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Somewhat useful, although outdated
on 27 November 2014
This Osprey title is useful up to a point. However, it has two main flaws. It has not been updated and it contains some rather strange and unsubstantiated statements.
The book was first published in 1996. It has been reprinted numerous times since then, but never updated. Consequently, all of the references on which the author has drawn to pull this title together are over twenty years old, with the most recent published in 1993. This is clearly a pity. It essentially means that any reader wanting to go further will be unable to access the most recent literature on the subject.
The second flaw is perhaps more serious and has been already noted by several other reviewers when they state that the author is “biased”. I do not know it this was the case, at the time Nicholas Sekunda wrote this book. What I do know, however, is that this book contains some blunt statements that are not backed by any historical evidence and even contradicted by whatever evidence there may be. The section where this appears the most clearly is the last one about “the Roman legion in battle”.
Other reviewers have noted the strangeness of the statement according to which “brutality and massacre were hallmarks of Roman methods of warfare.” They were NOT. This is not to imply that the Romans were all sweetness and light, of course, but simply that all powers could be – and at times were – just as bad, brutal and ruthless, and obliterated the cities they stormed after having slaughtered their inhabitants and sold the survivors into slavery. The point here is that such behaviour was not in any way specific to Rome. To mention just a few examples, Alexander did it to Thebes, Tyr, Gaza and to numerous cities during his Indian campaign. Sparta had done it to Plataea and Athens had done it to Melos (and both had done it to numerous other cities as well). Phocaea was destroyed by the Persians after revolting against them and Jerusalem’s population was deported to Mesopotamia, at least those who survived the siege of the city. Carthage and the Greeks happily destroyed each other’s cities and also slaughtered or enslaved its populations, and one could on, and on and on listing dozens of examples.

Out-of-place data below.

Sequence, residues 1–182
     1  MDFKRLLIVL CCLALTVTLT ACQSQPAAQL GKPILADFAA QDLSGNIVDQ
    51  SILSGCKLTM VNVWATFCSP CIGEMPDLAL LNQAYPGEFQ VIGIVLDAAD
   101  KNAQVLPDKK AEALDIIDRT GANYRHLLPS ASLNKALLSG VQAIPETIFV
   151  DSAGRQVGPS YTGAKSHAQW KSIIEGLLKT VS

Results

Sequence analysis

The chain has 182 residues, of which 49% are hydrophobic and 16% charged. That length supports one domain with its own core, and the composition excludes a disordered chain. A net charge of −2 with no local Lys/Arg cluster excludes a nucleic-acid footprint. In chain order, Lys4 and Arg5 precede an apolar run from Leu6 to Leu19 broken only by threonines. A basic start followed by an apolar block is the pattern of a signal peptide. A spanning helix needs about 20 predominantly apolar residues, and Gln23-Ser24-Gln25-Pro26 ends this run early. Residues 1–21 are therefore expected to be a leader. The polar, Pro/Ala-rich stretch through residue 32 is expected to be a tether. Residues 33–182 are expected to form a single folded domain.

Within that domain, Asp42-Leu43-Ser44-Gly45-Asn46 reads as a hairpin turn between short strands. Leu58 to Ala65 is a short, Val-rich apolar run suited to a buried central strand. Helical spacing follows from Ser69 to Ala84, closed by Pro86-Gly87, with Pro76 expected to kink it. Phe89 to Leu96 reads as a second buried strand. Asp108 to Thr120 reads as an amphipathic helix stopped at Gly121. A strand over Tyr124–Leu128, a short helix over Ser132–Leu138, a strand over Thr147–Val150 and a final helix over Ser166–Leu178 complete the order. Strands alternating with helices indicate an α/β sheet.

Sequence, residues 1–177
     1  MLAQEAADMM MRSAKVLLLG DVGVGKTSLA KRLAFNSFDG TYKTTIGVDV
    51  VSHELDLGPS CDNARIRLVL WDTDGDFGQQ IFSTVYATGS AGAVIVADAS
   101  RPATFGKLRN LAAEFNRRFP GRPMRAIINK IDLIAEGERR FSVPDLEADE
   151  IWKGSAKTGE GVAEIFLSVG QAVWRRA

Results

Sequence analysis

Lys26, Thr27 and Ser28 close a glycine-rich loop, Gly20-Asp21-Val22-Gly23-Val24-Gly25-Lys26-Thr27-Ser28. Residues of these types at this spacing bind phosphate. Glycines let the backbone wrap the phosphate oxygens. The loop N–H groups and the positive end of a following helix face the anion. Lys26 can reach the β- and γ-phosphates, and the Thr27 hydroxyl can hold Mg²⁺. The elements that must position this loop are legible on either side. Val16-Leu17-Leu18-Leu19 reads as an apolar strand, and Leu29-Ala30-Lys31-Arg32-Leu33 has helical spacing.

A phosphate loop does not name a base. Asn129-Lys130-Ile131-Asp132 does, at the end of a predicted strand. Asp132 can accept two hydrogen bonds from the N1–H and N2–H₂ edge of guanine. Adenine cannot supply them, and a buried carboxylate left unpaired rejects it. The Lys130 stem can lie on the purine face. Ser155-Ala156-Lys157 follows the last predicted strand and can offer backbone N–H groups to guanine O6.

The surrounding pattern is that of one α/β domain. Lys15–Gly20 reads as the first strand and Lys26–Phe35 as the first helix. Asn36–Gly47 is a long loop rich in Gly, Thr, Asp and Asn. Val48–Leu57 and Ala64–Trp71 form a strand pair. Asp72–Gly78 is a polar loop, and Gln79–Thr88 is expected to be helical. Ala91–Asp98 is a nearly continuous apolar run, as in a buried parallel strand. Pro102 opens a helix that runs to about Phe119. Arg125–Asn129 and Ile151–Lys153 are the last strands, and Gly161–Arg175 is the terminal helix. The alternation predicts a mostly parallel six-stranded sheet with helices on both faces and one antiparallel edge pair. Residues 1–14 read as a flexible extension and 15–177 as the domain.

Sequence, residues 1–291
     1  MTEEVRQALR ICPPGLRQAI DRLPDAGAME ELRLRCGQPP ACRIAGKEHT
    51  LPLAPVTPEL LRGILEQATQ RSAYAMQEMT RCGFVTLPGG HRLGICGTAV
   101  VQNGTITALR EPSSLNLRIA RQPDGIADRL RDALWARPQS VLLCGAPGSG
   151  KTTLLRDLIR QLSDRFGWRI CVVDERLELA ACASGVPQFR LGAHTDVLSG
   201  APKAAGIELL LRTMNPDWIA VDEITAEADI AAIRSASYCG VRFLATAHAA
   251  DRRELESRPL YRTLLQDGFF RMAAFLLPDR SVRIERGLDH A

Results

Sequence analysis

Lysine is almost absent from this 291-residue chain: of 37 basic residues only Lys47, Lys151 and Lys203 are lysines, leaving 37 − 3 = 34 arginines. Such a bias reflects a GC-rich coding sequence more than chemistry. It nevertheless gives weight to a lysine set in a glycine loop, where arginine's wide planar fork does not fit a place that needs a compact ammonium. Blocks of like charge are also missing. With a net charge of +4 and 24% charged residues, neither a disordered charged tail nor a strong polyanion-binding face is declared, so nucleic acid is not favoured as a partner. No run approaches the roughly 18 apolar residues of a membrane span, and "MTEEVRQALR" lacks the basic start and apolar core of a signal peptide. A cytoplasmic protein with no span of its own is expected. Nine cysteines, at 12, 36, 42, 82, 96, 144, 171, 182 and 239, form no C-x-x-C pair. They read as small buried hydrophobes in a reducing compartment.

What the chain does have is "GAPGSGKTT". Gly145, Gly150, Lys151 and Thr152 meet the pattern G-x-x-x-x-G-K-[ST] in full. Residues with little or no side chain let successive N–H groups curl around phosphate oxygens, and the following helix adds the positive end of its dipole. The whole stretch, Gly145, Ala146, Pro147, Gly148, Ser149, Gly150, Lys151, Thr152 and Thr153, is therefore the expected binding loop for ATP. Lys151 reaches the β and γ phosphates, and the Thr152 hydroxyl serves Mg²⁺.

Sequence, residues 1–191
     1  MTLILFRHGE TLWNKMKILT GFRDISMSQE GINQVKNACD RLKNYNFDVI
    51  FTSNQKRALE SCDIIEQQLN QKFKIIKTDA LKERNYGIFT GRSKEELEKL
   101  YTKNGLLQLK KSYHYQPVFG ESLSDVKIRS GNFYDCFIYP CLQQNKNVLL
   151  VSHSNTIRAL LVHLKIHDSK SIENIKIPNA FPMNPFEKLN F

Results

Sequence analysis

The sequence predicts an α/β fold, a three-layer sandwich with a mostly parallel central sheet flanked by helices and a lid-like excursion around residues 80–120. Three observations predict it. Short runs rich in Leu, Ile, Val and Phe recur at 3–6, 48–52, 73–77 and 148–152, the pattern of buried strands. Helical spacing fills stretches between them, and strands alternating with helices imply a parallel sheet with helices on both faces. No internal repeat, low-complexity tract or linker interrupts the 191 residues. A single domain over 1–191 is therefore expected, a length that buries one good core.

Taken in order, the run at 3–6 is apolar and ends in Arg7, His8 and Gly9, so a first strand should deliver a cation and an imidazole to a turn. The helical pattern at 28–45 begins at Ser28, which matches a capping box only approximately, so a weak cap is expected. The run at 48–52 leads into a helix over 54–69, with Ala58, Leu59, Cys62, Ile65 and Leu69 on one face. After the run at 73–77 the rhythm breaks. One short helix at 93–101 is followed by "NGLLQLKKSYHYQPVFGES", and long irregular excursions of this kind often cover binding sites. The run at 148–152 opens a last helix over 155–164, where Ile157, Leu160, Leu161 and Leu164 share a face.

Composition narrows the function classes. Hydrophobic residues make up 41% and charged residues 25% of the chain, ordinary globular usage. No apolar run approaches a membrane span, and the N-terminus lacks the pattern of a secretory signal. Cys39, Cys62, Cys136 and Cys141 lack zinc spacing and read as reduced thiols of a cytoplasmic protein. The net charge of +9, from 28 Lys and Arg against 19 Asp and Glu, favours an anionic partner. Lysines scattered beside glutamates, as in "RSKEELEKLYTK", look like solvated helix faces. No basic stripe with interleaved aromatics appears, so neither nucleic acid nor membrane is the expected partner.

A second inaccurate statement is the emphasis put on Rome’s superiority in manpower. The numbers mentioned (700,000 foot and 70,000 horses) are drawn from Polybius. However, he also mentions that Rome put in the field about a third of such numbers during the Second Punic War and this number, which the author has omitted, is more interesting and valuable because it represents something more concrete that just a paper figure. This allowed Rome to fight the war on three to four fronts at the time (Spain, Italy, Sicily and Illyria) during a number of years. It also allowed Rome to replace huge losses on all fronts (in Italy, where Hannibal destroyed three armies but also in Spain where two more where destroyed) and end up by winning what was at least in part a war of attrition.
Another crucial point that is omitted is that about two-thirds of the Roman manpower was made up by the Latin, Italic, Etruscan and Greek allies. This is why it was so crucial for Hannibal to detach Rome’s allies from it. However, despite a few significant exceptions (the Campanians, Lucanians and Bruttians, for instance), he largely failed to do so.